US 4188285 A
Thiophenes are selectively removed from gasoline by contact thereof with a silver-exchanged faujasite-type zeolite.
1. A process for upgrading a hydrofined gasoline feed containing residual thiophene-type contaminants comprising contacting said feed with a silver-exchanged faujasite-type crystalline aluminosilicate zeolite, said contacting being at (1) a temperature in the range of from about 20 from about 0.1 to 20; and recovering the resulting gasoline having, relative to said feed, a substantially reduced content of said contaminants.
2. A process as in claim 1 wherein said feed is a gasoline fraction of C.sub.5 -C.sub.7 cut.
3. A process as in claim 2 wherein said fraction is a C.sub.5 -C.sub.6 cut.
4. A process as in claim 1 wherein said faujasite-type zeolite is an ultra-stable Y-sieve.
5. A process as in claim 1 wherein said zeolite contains an amount of silver in the range of from about 0.5 to 40 weight percent.
6. A process as in claim 5 wherein said amount of silver is in the range of 2 to 15%.
7. A process as in claim 1 wherein said feed contains an appreciable amount of olefins and the resulting gasoline contains substantially the same amount of olefins.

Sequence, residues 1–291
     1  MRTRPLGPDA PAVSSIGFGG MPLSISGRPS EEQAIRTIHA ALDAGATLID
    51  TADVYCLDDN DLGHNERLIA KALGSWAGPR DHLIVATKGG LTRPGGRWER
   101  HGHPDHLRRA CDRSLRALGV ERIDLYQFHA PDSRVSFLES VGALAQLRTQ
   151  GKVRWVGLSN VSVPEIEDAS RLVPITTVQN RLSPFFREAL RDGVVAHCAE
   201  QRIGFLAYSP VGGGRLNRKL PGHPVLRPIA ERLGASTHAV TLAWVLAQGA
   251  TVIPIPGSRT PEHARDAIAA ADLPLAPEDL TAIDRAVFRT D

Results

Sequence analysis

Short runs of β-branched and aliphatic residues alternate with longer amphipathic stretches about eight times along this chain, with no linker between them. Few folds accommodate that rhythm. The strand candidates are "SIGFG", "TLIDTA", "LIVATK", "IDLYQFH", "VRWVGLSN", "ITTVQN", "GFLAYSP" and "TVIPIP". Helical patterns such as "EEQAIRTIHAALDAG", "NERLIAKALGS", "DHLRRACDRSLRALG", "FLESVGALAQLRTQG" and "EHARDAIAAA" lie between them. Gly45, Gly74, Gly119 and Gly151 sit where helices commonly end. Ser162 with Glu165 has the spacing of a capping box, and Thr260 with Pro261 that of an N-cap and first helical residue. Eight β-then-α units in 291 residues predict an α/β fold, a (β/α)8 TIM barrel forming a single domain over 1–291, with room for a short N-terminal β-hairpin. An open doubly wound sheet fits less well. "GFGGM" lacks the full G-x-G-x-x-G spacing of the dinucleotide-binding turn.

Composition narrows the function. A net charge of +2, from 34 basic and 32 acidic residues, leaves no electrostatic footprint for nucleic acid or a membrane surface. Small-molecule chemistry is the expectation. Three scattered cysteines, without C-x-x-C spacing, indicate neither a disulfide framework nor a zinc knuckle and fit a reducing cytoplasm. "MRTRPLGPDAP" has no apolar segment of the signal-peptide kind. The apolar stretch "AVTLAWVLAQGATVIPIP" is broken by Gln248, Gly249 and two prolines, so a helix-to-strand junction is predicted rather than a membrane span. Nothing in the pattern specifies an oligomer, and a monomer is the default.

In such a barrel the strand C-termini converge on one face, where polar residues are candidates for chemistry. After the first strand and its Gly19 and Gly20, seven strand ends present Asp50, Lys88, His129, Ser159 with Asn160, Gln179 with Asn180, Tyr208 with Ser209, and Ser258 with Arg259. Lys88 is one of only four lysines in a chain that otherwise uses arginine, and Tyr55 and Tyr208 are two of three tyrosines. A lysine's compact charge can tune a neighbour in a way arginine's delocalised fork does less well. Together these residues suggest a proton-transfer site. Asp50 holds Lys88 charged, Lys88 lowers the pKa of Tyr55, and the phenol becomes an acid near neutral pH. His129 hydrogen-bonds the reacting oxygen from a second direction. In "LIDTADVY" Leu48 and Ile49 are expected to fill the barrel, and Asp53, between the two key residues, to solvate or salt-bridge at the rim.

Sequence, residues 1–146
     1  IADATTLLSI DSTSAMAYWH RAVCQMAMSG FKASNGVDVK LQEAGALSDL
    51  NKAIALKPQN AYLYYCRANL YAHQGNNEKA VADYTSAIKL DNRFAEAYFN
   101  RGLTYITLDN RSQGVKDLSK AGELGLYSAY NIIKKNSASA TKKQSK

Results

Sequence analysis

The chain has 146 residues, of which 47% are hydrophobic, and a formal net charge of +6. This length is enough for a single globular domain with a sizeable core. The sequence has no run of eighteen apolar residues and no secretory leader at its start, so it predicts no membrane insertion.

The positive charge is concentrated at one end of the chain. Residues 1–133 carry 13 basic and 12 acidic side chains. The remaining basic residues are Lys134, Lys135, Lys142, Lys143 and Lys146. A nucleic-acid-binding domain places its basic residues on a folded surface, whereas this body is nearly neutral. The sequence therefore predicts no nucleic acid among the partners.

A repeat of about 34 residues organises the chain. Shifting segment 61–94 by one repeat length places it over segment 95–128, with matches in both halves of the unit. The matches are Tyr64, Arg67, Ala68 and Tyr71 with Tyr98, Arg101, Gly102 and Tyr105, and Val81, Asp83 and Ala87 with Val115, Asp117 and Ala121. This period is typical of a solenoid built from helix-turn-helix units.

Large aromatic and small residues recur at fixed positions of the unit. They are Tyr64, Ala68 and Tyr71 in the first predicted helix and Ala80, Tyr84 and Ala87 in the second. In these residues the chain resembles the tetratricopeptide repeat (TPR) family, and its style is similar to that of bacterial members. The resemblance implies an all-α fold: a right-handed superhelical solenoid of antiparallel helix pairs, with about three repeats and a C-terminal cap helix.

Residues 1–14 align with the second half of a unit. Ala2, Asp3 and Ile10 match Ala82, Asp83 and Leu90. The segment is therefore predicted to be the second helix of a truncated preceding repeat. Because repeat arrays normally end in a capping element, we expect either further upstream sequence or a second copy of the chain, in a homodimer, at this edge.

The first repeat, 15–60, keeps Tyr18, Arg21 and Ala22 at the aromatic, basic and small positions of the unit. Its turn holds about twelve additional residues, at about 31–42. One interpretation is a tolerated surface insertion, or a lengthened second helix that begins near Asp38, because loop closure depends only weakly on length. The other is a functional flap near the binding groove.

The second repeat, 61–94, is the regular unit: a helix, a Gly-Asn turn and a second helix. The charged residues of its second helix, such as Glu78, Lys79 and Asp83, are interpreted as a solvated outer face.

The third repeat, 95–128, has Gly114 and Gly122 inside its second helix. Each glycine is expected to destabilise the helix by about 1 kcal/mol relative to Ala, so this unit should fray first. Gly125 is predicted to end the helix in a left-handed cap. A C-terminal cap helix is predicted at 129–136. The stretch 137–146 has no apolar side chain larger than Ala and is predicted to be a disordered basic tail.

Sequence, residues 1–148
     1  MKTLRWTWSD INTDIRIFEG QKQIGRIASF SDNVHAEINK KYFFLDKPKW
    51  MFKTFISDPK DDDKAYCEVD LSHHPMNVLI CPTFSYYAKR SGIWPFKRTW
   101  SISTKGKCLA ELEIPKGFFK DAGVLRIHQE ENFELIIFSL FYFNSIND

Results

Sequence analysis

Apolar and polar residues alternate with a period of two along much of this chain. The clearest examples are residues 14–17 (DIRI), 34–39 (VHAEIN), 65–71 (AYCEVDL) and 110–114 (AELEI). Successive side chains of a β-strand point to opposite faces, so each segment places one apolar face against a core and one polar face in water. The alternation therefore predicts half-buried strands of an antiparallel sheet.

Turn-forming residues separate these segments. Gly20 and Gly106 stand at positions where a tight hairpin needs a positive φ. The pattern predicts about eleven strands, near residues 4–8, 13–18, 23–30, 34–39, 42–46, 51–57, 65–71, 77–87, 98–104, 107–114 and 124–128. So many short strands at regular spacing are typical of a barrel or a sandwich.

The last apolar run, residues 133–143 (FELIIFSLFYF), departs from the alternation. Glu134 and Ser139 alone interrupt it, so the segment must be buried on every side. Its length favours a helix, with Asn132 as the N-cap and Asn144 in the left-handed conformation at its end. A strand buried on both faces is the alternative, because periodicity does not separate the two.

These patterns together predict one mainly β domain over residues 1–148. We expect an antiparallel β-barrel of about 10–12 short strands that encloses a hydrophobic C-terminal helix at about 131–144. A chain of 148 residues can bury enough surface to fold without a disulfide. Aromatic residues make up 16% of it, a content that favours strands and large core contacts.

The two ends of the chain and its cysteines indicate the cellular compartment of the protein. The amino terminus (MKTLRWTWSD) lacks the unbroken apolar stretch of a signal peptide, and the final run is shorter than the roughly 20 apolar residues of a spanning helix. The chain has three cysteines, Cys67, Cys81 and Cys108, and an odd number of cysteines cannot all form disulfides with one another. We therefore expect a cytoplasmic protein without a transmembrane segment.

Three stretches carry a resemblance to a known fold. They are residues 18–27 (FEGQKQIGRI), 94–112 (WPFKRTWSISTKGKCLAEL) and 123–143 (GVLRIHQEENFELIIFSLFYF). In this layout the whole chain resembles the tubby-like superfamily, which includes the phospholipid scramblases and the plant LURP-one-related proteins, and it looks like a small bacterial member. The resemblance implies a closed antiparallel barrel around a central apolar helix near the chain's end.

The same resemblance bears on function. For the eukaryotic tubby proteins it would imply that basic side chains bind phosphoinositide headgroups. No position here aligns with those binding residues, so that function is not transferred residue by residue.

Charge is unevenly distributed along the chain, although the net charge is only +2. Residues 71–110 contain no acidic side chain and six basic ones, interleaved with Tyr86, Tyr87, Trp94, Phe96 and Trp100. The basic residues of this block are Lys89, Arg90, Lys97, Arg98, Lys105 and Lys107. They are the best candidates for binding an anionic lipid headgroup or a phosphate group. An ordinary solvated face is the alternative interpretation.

This invention relates to a process for selectively sorbing residual thiophene-type contaminants from gasoline using a silver-exchanged faujasite-type crystalline molecular sieve as the adsorbent.
The separation of thiophene from benzene, especially where thiophene is present as a trace or minor impurity, is well known as being a difficult separation. The selective separation of thiophene-type contaminants from gasoline, which normally has a substantial content of benzene and substituted benzene is, of course, also a difficult separation. Thiophenes are also one of the most, if not the most, difficult of impurities to remove from gasoline by conventional hydrotreatment of gasoline stocks. They are known to be present in minor yet significant amounts in gasoline stocks even after such a treatment.
It is an object of this invention to provide a non-hydrogenative (no added hydrogen gas) process for effectively removing thiophene-type contaminants from gasoline.
A process is provided for upgrading a gasoline feed containing residual thiophene-type contaminants comprising contacting said feed with a silver-exchanged faujasite-type crystalline aluminosilicate zeolite, said contacting being at (1) a temperature in the range of from about 20 about 0.1 to 20, and (3) an atmospheric or moderately superatmospheric pressure; and recovering the resulting gasoline having, relative to said feed, a substantially reduced content of said contaminants.
By "thiophene-type contaminants" is meant by definition thiophene and hydrocarbyl-substituted thiophenes indigenous to petroleum and syncrude oils and such, thiophenes and hydrocarbyl-substituted thiophenes resulting from conventional processing of such oils in the normal production of gasoline as in the hydrocarbon refining art.